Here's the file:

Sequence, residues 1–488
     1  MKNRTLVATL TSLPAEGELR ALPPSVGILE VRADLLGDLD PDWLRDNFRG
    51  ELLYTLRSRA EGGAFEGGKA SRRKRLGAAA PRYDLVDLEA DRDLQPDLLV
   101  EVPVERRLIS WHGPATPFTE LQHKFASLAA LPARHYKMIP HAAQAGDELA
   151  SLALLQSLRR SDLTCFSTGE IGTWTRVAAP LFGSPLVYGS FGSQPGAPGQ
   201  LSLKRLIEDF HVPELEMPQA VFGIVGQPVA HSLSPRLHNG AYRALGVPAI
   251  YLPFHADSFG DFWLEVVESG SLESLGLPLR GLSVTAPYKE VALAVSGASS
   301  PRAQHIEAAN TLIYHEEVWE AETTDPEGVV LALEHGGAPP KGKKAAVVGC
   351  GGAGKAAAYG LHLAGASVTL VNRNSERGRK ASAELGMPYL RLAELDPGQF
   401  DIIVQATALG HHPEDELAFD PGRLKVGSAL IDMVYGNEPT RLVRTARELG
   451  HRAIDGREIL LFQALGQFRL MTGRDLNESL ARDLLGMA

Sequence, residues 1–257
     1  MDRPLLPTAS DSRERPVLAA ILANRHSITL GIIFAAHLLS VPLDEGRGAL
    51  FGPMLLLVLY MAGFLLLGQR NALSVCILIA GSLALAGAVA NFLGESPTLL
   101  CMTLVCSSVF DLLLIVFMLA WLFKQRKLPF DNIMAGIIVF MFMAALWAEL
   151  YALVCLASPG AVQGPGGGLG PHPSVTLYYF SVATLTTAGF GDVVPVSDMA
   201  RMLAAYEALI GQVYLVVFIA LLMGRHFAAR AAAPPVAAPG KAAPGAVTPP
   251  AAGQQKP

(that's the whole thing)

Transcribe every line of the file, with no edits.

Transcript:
Sequence, residues 1–488
     1  MKNRTLVATL TSLPAEGELR ALPPSVGILE VRADLLGDLD PDWLRDNFRG
    51  ELLYTLRSRA EGGAFEGGKA SRRKRLGAAA PRYDLVDLEA DRDLQPDLLV
   101  EVPVERRLIS WHGPATPFTE LQHKFASLAA LPARHYKMIP HAAQAGDELA
   151  SLALLQSLRR SDLTCFSTGE IGTWTRVAAP LFGSPLVYGS FGSQPGAPGQ
   201  LSLKRLIEDF HVPELEMPQA VFGIVGQPVA HSLSPRLHNG AYRALGVPAI
   251  YLPFHADSFG DFWLEVVESG SLESLGLPLR GLSVTAPYKE VALAVSGASS
   301  PRAQHIEAAN TLIYHEEVWE AETTDPEGVV LALEHGGAPP KGKKAAVVGC
   351  GGAGKAAAYG LHLAGASVTL VNRNSERGRK ASAELGMPYL RLAELDPGQF
   401  DIIVQATALG HHPEDELAFD PGRLKVGSAL IDMVYGNEPT RLVRTARELG
   451  HRAIDGREIL LFQALGQFRL MTGRDLNESL ARDLLGMA

Sequence, residues 1–257
     1  MDRPLLPTAS DSRERPVLAA ILANRHSITL GIIFAAHLLS VPLDEGRGAL
    51  FGPMLLLVLY MAGFLLLGQR NALSVCILIA GSLALAGAVA NFLGESPTLL
   101  CMTLVCSSVF DLLLIVFMLA WLFKQRKLPF DNIMAGIIVF MFMAALWAEL
   151  YALVCLASPG AVQGPGGGLG PHPSVTLYYF SVATLTTAGF GDVVPVSDMA
   201  RMLAAYEALI GQVYLVVFIA LLMGRHFAAR AAAPPVAAPG KAAPGAVTPP
   251  AAGQQKP